On bad air days in winter in the community of Butte, residents are asked to delay outside burning. Tuesday night, the Matanuska-Susitna Borough Assembly voted 4 to 3 to put this request into regulation.
The resolution adopted by the Assembly states “WHEREAS, the Mat-Su Borough wants to protect residents’ way of life including their right to heat their homes with wood; and WHEREAS, the legislation does not regulate wood stoves or other heat sources.”
For 1.5 hours, several residents gave their three minutes of testimony before the Assembly considered the legislation. Assembly Members Jim Sykes, Dan Mayfield, Tamara Boeve, and Deputy Mayor Matthew Beck voted Yes. Assembly Members George McKee, Ted Leonard, and Jesse Sumner voted No.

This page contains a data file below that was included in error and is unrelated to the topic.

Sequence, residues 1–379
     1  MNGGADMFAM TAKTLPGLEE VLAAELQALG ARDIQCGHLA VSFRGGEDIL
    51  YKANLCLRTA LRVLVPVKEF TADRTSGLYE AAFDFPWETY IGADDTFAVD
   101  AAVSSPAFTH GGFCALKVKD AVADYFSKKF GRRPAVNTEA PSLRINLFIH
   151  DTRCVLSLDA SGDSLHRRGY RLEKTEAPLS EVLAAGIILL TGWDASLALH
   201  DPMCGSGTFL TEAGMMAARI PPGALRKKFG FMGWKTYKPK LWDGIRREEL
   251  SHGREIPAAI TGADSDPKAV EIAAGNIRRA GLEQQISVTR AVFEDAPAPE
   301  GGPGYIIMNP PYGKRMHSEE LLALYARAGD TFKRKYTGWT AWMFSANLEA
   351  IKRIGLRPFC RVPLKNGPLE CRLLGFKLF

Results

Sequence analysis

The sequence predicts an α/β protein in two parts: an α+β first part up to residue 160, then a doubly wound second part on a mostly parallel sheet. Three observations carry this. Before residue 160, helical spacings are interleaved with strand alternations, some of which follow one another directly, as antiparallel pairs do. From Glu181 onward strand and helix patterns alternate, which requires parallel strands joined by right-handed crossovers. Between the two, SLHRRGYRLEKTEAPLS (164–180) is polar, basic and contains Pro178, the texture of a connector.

In winter, during a few days a year in Butte, an inversion layer prevents air flow and can trap smoke. Under the new rules, a resident could be cited and pay $150 for a first offense of burning outside in winter on a static air day in Butte. Outside burning includes tree debris in slash piles and trash in burn barrels.
The legislation’s intent is to prevent Butte’s air quality from exceeding national standards that would trigger federal regulation and expensive mandated programs.
Other elements in the approved legislation include creating a Butte Air Quality District and updating a Memorandum of Understanding between the Borough and the Alaska Dept. of Environmental Conservation for air quality coordination. In this new MOU, it is stated that the Borough does not have the authority to regulate wood stoves of residents.
Listen to the complete discussion and the vote here on the Assembly March 5 agenda web page. Read the legislation as proposed here also at this link:
Photos of Mat-Su Borough Assembly by Mat-Su Borough Public Affairs, Stefan Hinman.